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Using induced pluripotent stem cell derived cardiomyocytes to screen for multichannel pharmacology and proarrhythmic risk in acquired long QT syndrome

A.P. Hill, M.D. Perry, W. Lee and J.I. Vandenberg, Molecular Cardiology and Biophysics Division, Victor Chang Cardiac Research Institute, 405 Liverpool Street, Darlinghurst, NSW 2010, Australia.

Acquired, or drug-induced, long QT syndrome (aLQTS) occurs as a result of pharmacological block of hERG potassium channels in the heart. Reduced hERG function prolongs the QT interval on the surface electrocardiogram and increases the risk of the potentially fatal cardiac arrhythmia torsades des pointes (Roden, 2004). As a result of these side effects, it is mandated that all drugs must be screened for hERG block and action potential prolongation in preclinical tests before coming to market (Food and Drug Administration HHS, 2005). However, while current tests are very effective in identifying dangerous drugs, there is growing concern that they are not sufficiently specific, meaning potentially safe drugs are having their development prematurely terminated (Sager et al., 2014). A major factor that confounds assays based solely on hERG block is the multichannel pharmacology of many compounds, whereby block other ion channels in addition to hERG can modify the risk profile of a drug.

One way to avoid this issue is to screen compounds in assays using human cardiomyocytes, so the effect on disruption of repolarization is evaluated in the context of all the different ion channels and signalling processes that contribute to normal cardiac electrophysiology. While using isolated human cardiomyocytes in screening is not a feasible approach, induced pluripotent stem cell derived cardiomyocytes (iPSC-CM) provide readily available source of cells by which this approach can be explored. In this study we have used multielectrode arrays to measure electrical parameters from 2D syncytia of iPSC-CMs and show how drugs with diverse pharmacology and risk profile affect depolarization, repolarization, beat period and emergence of proarrhythmic markers in these cardiac cells. Specifically, we tested dofetilide (a pure hERG blocker), ranolazine (blocks hERG and late sodium current, INaL), quinidine (blocks hERG and fast sodium current, INa) and nifedipine (blocks calcium current, ICaL). Our data show a correlation between proarrhythmic risk and prolongation of field potential duration at therapeutic concentrations while emergence of proarrhythmic markers such as early after-depolarizations was only observed for dofetilide, a known high risk drug. Effects on depolarization parameters measured from MEAs such as spike amplitude and slope, were observed at concentrations corresponding to the IC50 for block of hERG (a repolarizing current) not of the depolarizing currents (ICaL or INa). We propose this counterintuitive observation occurs as a result of the relative electrical immaturity of iPSC-CMs. These results suggest a promising role for iPSC-CM electrophysiological assays in screening for proarrhythmic risk in drug development, but show that ongoing work in achieving a greater degree of phenotypic maturity may be necessary to reach this goal.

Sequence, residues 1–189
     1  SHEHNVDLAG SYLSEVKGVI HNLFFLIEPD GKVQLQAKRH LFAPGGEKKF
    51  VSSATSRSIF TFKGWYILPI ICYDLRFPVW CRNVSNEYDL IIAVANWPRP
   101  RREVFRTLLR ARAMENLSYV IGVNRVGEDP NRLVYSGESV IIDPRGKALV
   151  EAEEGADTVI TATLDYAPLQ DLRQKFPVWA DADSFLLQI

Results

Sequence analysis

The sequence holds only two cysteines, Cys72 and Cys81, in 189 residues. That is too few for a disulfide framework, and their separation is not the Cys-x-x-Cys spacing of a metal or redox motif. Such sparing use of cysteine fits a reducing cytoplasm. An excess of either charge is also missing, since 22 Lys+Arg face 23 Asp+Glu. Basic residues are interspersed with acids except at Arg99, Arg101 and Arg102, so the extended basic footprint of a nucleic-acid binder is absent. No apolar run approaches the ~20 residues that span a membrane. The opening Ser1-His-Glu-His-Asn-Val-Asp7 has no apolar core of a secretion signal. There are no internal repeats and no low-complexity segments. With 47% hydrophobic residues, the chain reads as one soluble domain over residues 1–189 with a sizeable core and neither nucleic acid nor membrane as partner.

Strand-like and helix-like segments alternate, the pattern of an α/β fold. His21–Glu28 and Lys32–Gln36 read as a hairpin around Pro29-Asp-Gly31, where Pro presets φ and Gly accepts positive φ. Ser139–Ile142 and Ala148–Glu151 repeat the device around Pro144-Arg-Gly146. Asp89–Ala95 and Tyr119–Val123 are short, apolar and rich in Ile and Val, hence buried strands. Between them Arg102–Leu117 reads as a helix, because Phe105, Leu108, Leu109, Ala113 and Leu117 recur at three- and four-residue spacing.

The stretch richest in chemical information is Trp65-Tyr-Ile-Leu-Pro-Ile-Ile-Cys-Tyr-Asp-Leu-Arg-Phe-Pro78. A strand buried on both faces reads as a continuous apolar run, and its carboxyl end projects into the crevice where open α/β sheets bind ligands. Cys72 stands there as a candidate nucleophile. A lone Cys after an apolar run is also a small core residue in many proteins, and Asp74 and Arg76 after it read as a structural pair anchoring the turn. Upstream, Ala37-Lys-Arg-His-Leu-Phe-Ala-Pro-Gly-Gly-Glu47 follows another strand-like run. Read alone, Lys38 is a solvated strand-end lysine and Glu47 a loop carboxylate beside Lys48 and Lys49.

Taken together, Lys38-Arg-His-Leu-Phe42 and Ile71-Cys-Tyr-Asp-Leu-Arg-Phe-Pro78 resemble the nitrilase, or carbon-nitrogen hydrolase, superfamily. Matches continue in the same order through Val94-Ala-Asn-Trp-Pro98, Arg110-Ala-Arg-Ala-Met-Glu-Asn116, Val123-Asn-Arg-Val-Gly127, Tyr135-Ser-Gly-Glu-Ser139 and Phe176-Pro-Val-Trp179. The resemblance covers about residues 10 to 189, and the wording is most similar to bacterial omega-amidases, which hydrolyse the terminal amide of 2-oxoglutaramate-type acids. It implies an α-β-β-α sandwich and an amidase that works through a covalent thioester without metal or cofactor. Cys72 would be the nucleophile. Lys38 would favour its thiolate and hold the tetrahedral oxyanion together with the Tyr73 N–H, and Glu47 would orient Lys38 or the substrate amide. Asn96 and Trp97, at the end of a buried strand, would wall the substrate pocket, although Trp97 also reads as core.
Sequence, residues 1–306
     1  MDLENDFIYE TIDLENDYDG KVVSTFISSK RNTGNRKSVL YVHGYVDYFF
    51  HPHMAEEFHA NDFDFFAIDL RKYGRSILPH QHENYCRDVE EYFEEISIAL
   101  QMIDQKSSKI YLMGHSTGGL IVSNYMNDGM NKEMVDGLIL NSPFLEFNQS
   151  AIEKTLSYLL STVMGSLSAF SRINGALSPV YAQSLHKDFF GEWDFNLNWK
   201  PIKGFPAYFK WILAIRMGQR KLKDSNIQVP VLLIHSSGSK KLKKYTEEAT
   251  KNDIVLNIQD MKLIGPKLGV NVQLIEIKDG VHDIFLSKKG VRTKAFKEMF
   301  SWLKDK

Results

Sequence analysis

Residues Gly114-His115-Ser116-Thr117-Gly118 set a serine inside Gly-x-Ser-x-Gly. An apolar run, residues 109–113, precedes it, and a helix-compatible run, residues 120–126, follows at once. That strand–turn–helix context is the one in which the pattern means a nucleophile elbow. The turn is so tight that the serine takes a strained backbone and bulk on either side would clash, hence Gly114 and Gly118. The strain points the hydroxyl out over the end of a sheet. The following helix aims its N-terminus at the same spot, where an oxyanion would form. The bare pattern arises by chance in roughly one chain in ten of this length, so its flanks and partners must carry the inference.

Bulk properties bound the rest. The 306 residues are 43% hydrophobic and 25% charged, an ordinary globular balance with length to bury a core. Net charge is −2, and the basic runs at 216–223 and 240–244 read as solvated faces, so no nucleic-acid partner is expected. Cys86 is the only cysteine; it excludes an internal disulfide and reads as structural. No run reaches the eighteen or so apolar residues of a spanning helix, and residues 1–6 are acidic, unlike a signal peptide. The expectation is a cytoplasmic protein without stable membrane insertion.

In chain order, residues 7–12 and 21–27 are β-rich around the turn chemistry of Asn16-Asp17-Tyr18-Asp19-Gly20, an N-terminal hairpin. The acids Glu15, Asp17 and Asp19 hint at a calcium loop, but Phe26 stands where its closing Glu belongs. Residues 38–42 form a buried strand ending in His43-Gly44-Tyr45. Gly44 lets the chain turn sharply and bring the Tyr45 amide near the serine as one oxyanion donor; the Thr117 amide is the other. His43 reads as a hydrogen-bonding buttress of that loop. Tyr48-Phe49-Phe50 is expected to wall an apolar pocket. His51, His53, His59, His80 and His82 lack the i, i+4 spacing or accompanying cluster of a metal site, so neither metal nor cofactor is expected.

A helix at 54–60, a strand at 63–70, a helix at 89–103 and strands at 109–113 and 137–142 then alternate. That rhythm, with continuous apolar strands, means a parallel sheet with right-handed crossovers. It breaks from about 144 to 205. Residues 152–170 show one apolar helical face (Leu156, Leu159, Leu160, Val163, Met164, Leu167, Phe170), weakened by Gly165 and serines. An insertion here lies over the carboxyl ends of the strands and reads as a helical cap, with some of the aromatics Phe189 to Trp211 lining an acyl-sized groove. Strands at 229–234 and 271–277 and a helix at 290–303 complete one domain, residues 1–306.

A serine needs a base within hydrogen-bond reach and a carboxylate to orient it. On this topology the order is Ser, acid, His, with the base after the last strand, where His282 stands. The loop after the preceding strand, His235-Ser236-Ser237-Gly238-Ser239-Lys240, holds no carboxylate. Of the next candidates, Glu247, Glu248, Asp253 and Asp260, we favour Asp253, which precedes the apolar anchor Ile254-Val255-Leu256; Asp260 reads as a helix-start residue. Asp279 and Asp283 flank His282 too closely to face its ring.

Food and Drug Administration, HHS. (2005). International Conference on Harmonisation; guidance on S7B Nonclinical Evaluation of the Potential for Delayed Ventricular Repolarization (QT Interval Prolongation) by Human Pharmaceuticals; availability. Notice. Fed Regist 70: 61133–61134.

Roden DM. (2004) Drug-induced prolongation of the QT interval. N Engl J Med 350: 1013–1022.

Sager PT, Gintant G, Turner JR, Pettit S, Stockbridge N. (2014) Rechanneling the cardiac proarrhythmia safety paradigm: a meeting report from the Cardiac Safety Research Consortium. p292–300.